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The Rise of the 'School-to-Deportation Pipeline'

Posted on 05/04/2016 @ 12:45 AM

Photo Credit: Nick Ut/AP

By: Mark Salay, LULAC National Communications Intern

A recent series of immigration raids has left undocumented Latino youth in Georgia and North Carolina afraid to leave their homes as communities fear that former safe havens such as schools and educational facilities are now high-risks areas for arrests and deportation.

While the Obama administration has tried to provide protection from deportation in the form of DAPA and DACA to immigrants who have resided in the U.S. for an extended period, it has turned a blind eye to extensive raids against recent arrivals–teens who are adults in age only and seeking refuge from Central America’s ongoing humanitarian crisis.

The raids carried out by Immigration and Customs Enforcement (ICE) arrested and detained 336 migrant youths. Most of those detained came in an unprecedented wave of 66,000 unaccompanied minors detained in 2014 who fled violence in their home countries of El Salvador, Honduras, and Guatemala. Even though ICE directed its officers to steer clear of targeting schools, churches, and other “sensitive locations” during the raids, the evidence tells a different story. In Georgia and North Carolina–both states with emerging Latino populations–stories have surfaced reporting that ICE is not following orders.

In North Carolina, a 19-year-old student who came to the U.S. to escape being killed by gang members in his native El Salvador was taken away at a bus stop going to school. The New York Times reported on an 18-year-old in Georgia who was deported while on his way to school earlier this month despite facing threats from a local Salvadoran gang.

Central America is struggling to stop drug trafficking and violence in its Northern Triangle region. El Salvador is the murder capital of the world with a death every hour because drug cartels and gangs have taken over nearly every aspect of civilian life, while Honduras and Guatemala suffer from the same conditions to a lesser extent.

President Obama said in 2014 that immigration detainment efforts would focus on immigrants with a criminal background, but ICE has been left unchecked. Unfortunately, this is having traumatic consequences for youth seized during these raids, and many face a disturbing potential scenario: death by deportation upon arrival in their home countries.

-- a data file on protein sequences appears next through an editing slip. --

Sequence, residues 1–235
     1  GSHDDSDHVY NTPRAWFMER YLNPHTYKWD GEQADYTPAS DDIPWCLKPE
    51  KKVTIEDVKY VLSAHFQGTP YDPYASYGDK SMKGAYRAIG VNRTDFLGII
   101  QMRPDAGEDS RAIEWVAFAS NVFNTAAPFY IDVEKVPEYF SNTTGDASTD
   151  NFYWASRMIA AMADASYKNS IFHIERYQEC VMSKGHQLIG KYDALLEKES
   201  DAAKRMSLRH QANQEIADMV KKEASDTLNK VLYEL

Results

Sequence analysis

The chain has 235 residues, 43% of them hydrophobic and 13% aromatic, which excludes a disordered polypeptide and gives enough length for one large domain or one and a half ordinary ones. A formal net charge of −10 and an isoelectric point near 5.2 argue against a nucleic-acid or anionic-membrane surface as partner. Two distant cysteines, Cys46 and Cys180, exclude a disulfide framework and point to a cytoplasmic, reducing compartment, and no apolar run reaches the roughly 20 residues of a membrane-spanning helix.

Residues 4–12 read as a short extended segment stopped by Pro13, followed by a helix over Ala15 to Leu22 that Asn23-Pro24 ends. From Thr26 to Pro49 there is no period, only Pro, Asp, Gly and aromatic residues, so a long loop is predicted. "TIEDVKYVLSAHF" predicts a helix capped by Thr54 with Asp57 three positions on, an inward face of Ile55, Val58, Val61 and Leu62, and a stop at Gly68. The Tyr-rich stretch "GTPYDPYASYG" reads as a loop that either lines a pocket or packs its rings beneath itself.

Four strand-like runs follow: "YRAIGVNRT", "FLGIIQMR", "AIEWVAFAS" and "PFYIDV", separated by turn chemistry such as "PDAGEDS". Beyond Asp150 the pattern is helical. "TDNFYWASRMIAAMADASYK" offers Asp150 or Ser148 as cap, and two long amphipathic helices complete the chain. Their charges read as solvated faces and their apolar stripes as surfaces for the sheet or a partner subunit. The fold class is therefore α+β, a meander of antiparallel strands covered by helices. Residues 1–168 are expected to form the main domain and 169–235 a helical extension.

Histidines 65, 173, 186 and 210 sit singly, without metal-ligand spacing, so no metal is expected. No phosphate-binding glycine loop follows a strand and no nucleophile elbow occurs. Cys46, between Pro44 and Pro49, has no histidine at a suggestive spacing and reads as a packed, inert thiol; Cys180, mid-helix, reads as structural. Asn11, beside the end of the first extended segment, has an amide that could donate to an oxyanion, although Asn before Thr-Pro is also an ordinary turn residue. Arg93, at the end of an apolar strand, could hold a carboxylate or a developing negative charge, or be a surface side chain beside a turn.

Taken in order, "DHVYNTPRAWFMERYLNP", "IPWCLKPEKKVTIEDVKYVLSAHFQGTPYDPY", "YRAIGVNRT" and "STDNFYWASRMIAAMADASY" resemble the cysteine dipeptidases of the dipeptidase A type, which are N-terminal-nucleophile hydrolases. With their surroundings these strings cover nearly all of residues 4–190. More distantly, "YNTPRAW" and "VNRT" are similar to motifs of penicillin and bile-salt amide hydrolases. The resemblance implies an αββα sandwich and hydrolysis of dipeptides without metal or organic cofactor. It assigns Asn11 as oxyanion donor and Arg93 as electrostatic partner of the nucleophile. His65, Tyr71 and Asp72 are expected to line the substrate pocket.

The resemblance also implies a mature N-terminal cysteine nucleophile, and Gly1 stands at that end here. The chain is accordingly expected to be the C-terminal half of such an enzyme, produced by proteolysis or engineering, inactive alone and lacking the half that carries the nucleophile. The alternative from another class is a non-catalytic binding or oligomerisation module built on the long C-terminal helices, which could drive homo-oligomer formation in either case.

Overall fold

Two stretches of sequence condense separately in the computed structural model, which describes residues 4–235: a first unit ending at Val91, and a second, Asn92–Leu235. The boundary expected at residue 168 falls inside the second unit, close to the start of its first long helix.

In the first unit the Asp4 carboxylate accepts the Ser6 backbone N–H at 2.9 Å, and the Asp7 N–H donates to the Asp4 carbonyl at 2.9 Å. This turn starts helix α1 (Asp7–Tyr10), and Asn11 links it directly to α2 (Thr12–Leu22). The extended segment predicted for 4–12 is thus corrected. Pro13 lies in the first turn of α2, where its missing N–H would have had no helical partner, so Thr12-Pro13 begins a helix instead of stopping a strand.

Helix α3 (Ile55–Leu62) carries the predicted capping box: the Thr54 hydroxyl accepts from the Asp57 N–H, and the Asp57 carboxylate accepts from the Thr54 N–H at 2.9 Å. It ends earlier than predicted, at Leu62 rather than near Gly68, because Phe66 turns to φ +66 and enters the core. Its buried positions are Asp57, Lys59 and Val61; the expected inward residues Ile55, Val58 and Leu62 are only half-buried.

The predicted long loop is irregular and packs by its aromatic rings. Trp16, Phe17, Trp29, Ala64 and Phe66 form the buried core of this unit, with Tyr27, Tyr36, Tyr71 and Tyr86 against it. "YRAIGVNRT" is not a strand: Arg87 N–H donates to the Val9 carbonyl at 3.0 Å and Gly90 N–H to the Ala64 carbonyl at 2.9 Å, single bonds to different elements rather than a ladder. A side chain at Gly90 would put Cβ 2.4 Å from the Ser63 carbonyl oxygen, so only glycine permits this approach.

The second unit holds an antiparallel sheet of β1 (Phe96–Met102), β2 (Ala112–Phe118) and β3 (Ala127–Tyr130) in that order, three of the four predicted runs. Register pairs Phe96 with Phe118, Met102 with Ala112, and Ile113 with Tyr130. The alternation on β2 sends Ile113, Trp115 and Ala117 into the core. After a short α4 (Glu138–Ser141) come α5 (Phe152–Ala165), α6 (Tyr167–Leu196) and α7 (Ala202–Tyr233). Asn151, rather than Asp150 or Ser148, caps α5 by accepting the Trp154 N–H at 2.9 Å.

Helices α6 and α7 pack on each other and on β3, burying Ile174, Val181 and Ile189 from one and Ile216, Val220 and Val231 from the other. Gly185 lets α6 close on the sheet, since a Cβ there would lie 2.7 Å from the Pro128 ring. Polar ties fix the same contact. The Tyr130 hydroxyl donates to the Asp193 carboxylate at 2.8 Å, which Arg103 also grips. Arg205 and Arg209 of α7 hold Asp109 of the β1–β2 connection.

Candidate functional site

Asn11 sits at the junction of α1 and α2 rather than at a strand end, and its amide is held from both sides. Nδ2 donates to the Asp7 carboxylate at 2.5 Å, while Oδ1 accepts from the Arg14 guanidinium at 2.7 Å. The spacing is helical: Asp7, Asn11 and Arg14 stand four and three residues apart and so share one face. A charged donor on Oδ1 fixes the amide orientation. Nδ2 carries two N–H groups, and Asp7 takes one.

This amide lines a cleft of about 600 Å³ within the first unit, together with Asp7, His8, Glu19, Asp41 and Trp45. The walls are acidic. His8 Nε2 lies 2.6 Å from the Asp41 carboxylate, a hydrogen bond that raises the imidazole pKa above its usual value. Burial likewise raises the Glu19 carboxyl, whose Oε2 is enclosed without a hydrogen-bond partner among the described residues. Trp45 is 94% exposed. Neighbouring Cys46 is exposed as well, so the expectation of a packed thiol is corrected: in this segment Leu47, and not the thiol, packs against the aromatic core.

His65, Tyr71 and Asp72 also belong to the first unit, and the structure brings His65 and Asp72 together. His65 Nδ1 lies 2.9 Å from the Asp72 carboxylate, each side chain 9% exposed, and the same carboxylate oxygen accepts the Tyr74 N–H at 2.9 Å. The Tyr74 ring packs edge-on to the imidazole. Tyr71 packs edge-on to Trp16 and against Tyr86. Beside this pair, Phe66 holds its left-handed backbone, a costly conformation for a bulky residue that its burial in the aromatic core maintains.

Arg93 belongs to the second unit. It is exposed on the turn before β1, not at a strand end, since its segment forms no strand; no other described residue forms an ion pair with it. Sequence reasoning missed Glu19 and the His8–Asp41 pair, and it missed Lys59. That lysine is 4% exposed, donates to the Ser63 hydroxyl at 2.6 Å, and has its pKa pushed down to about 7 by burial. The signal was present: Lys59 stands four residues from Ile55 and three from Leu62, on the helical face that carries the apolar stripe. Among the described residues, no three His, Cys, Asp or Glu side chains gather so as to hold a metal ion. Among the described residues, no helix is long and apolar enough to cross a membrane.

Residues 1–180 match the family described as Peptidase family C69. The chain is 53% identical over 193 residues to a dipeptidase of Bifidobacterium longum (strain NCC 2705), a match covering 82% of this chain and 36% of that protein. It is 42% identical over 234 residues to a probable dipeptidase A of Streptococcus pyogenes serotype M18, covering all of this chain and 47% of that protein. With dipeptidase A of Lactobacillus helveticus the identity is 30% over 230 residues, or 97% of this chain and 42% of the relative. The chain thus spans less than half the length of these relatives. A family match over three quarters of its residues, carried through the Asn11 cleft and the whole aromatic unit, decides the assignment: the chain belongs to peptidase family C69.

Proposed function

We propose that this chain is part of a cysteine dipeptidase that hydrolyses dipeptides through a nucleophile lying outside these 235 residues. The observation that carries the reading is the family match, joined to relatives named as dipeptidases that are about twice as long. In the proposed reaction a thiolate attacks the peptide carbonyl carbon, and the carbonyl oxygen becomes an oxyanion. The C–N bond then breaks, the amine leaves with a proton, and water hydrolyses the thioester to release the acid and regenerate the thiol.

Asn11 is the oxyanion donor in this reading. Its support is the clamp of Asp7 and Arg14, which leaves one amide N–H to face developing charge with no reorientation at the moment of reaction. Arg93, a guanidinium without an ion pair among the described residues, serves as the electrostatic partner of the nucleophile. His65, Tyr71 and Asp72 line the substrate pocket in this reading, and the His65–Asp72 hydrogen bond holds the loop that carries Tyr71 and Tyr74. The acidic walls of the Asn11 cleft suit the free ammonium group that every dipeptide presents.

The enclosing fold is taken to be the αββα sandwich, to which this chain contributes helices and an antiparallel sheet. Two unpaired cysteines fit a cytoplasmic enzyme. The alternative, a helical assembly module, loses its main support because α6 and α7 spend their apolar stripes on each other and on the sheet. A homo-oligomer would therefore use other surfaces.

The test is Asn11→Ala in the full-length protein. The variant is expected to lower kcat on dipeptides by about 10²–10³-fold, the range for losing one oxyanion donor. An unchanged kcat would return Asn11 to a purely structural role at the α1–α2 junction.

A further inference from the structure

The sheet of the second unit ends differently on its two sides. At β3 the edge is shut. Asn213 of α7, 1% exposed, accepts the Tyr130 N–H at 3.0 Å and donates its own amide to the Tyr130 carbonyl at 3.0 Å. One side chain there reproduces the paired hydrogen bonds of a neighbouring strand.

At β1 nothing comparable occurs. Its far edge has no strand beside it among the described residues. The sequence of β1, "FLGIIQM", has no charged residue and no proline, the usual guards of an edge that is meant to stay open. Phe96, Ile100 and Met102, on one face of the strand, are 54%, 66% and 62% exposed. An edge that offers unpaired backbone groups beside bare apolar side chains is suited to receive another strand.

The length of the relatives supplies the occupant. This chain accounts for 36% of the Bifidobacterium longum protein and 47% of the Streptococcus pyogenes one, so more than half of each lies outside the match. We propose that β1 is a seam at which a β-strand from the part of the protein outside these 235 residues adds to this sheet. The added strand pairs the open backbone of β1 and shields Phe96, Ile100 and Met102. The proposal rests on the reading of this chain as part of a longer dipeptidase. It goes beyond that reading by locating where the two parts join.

The Department of Homeland Security’s month-long campaign known as Operation Border Guardian, began in late January to crack down and curb southwest border crossing that spiked in 2014 and which saw an uptick again in late 2015.

The DHS said it would only target unaccompanied minors who crossed the border, have turned 18 years of age, and have not been granted asylum. Many of these unaccompanied youth, however, were already at a disadvantage in court proceedings because the U.S. government is not responsible for providing them with an attorney, leaving the minors–many with limited English-speaking abilities–without any legal help at their side.

ICE chose not to release the number of arrests of its raids by state, but by city field offices instead. The Atlanta field office responsible for Georgia and the Carolinas seized 127 individuals, more than one-third of all those apprehended in raids since the January enforcement period began.

These arrests have had alarming consequences on those students facing similar situations who fear going to school in the morning and potentially never coming back. One high school in Durham, NC saw attendance drop by 20 percent after one immigration raid detained a 19-year-old Honduran on his way to school. As reported, teachers from Durham and Charlotte have noticed increased absences, dropouts, and students purposely trying to get suspended so they can stay home and be with friends and family.

In response to student arrests in North Carolina, the Raleigh School District issued a resolution opposing ICE’s actions, citing humanitarian principles, ICE’s policy not to target sensitive locations, and reiterating the students’ statuses as low priority for deportation.

The situation has developed into a humanitarian crisis for this administration. The Guardian reported 83 cases of death by deportation since January 2014, 45 in El Salvador, 35 in Honduras, and three in Guatemala. Of 16,077 women from the Northern Triangle and Mexico interviewed by U.S. asylum officers in 2015, 82 percent of them had a “credible fear of persecution or torture.”

As it stands now, more than 85 percent of mothers and children show up to immigration proceedings without legal assistance, a huge problem considering that Central American families with no counsel were allowed to stay in the country only 2.3 percent of the time. Meanwhile, when they are able to receive legal help, they are 14 times less likely not to be deported.

The 14th Amendment of the U.S. Constitution entitles all people to due process of law, regardless of legal status. Rather than deportation, the better alternative is to protect these children’s right to seek asylum by providing access to legal assistance and information. The administration must dedicate itself to addressing why these children are leaving and not play politics with the lives of harmless immigrants trying to escape violence.